It was bitterly cold though! I was very grateful for my husband’s sealskinz gloves. They kept my fingers nice and toasty warm while I explored the area. At the top of Ronas Hill there is a Neolithic cairn (dating back to 4000 – 2500 BCE) and an Ordinance Survey trig point with a low stone wall built around it.
Behind the trig point I found a sturdy metal container containing a log book to sign! How fantastic!
It was at this point I sheltered and had a spot of lunch, a half sandwich and cappucino and one of my lovely superfood plant protein energy bars. It’s packed full of all sorts of awesome superfood goodness – quinoa, flax, oats, seeds, nut butter, honey and the addition of both ground and whole raw cacao nibs gives it a lovely texture. I was really rather impressed with them, but given I’d only had six hours sleep and I was fueled on coffee and a banana that morning, I was quite hungry!
I’m not going to pretend that these protein energy bars are healthy. They’re not. They’re loaded with sugar and fat, but as far as fuel for hillwalking goes – they’re pretty awesome.
The quinoa in this recipe isn’t cooked. Rather, it’s whizzed up in a high speed blender (I use the Froothie Optimum 9400) along with the flax seeds and some raw cacao nibs. Quinoa is rather high in protein – 14 grams per 100 grams of the grain.
I confess I only have one photograph of these bars. I arranged them on the top of the trig point for a photograph, and standing up out of the shelter of the surrounding wall – my fingers haven’t been that cold since I was a child in Canada! We used to spend hours out ice skating and our toes would freeze. As they defrosted in the warmth of the house they would burn with pain, and my fingers did just that as they defrosted back in my gloves on the way back down the hill. It was so cold!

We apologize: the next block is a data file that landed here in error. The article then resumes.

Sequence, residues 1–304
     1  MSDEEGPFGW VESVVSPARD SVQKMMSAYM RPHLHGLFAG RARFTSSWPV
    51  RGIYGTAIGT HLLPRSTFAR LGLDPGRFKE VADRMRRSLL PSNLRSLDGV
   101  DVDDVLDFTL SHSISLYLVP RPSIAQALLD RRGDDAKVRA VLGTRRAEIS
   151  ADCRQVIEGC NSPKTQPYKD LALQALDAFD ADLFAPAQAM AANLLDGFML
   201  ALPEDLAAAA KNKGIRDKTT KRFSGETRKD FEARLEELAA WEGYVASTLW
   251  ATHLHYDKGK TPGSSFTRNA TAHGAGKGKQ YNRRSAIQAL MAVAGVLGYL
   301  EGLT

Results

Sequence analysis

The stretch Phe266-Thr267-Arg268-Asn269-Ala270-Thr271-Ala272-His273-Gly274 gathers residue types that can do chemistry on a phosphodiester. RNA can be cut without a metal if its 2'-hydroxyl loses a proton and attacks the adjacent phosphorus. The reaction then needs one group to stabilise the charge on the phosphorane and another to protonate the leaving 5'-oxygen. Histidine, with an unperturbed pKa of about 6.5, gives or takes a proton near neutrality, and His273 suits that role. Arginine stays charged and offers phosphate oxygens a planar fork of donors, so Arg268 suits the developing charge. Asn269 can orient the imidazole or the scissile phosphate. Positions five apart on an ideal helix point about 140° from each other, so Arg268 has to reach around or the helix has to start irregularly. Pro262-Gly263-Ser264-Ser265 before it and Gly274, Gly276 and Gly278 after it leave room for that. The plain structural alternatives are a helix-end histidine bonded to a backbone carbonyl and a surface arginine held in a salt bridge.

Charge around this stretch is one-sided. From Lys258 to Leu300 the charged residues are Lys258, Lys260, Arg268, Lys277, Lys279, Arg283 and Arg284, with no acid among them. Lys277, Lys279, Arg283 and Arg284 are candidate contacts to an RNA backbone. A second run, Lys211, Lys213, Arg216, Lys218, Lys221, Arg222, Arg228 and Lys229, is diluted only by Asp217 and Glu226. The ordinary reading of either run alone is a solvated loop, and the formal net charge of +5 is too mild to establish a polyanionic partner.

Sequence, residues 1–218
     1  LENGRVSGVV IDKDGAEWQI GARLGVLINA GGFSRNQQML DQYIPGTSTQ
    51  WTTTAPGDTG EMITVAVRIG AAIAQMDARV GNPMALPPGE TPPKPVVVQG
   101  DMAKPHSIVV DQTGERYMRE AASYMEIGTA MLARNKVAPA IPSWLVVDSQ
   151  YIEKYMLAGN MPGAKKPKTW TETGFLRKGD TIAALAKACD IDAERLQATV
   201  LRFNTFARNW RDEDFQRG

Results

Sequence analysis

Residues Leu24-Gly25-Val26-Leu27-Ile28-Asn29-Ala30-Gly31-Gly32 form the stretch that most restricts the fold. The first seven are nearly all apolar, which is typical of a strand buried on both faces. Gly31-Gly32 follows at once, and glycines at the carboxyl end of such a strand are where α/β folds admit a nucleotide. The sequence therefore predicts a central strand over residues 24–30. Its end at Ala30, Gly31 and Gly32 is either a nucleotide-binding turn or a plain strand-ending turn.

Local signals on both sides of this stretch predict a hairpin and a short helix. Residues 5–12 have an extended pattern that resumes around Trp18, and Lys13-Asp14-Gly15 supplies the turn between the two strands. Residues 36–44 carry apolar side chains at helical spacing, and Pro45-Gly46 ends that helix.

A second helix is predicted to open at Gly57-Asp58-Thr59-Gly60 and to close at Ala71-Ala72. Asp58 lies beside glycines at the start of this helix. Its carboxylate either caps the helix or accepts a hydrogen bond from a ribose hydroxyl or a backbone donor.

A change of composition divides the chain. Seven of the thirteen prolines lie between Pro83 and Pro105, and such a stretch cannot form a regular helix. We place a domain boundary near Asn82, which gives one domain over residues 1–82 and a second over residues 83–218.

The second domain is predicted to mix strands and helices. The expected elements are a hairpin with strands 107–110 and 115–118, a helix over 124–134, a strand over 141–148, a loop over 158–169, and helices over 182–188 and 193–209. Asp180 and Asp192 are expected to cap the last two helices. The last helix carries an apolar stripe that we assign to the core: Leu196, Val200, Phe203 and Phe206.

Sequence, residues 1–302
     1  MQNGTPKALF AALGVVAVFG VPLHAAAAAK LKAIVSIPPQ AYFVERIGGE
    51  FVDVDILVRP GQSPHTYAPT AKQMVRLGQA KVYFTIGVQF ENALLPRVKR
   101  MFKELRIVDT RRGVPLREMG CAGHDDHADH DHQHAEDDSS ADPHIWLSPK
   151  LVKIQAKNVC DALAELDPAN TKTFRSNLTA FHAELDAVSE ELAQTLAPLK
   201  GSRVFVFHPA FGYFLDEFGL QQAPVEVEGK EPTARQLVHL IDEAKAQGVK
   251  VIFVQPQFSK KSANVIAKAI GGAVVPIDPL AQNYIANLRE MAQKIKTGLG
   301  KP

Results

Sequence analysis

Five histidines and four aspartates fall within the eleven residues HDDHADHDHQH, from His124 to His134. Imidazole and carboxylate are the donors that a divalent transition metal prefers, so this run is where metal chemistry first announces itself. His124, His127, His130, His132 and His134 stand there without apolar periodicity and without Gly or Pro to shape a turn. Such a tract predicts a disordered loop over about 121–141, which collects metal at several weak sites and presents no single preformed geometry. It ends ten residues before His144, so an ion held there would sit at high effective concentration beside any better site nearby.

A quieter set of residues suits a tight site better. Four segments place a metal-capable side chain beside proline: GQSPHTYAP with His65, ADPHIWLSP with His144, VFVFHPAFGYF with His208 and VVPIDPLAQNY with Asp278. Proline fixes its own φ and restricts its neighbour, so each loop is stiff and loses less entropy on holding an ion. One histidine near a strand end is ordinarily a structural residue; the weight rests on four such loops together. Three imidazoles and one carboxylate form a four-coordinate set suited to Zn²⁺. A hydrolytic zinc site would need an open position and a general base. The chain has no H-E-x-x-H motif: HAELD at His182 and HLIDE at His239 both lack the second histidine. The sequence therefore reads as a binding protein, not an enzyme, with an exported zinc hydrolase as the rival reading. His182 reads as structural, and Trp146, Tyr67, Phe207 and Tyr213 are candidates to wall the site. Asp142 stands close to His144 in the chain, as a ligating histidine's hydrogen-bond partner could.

It’s a very lunar landscape, isn’t it. Ronas Hill is an ancient magma chamber from a volcano from long long ago, hence it’s red stone. Centuries of freezing and thawing in the sub-Arctic climate has fractured the stone, creating the bizarre and unique landscape you see now.
I spotted two pure white hares and a few unknown to me bird species while up on Ronas Hill. Other than that I had the entire place to myself. Bliss.
A perfect way to start the New Year!
Quinoa Protein Energy Bars
- Preheat oven to 180 C and spread the porridge oats out into a single layer on a baking sheet. Bake for 15 minutes, checking after ten, until light and golden. Set aside to cool.
- Grind the dry quinoa, flax seeds and 30 grams of cacao nibs in a high speed food processor until fine. Tip into a large bowl.
- Gently heat the nut butter and honey together in a medium sized saucepan over a medium-low heat until melted together. Add the vanilla.
- Stir the nut butter mixture, oats, quinoa mixture and remaining ingredients together with a wooden spoon until well combined.
- Press evenly into the base of a 8 inch square silicone baking tin (or a tin lined with greaseproof paper.
- Leave to chill for several hours in the fridge, or overnight. Cut into bars and serve. Will keep for several days in the fridge.
LINKING UP WITH A FEW BLOGGING CHALLENGES
We Should Cocoa from Tin & Thyme, guest hosted this month by The Lovely Appetite (theme: simple)
Recipe of the Week by A Mummy Too
Tea Time Treats with Lavendar & Lovage and The Hedgecombers (theme: open)
Tasty Tuesdays by Honest Mum
Out and About by Dragons and Fairy Dust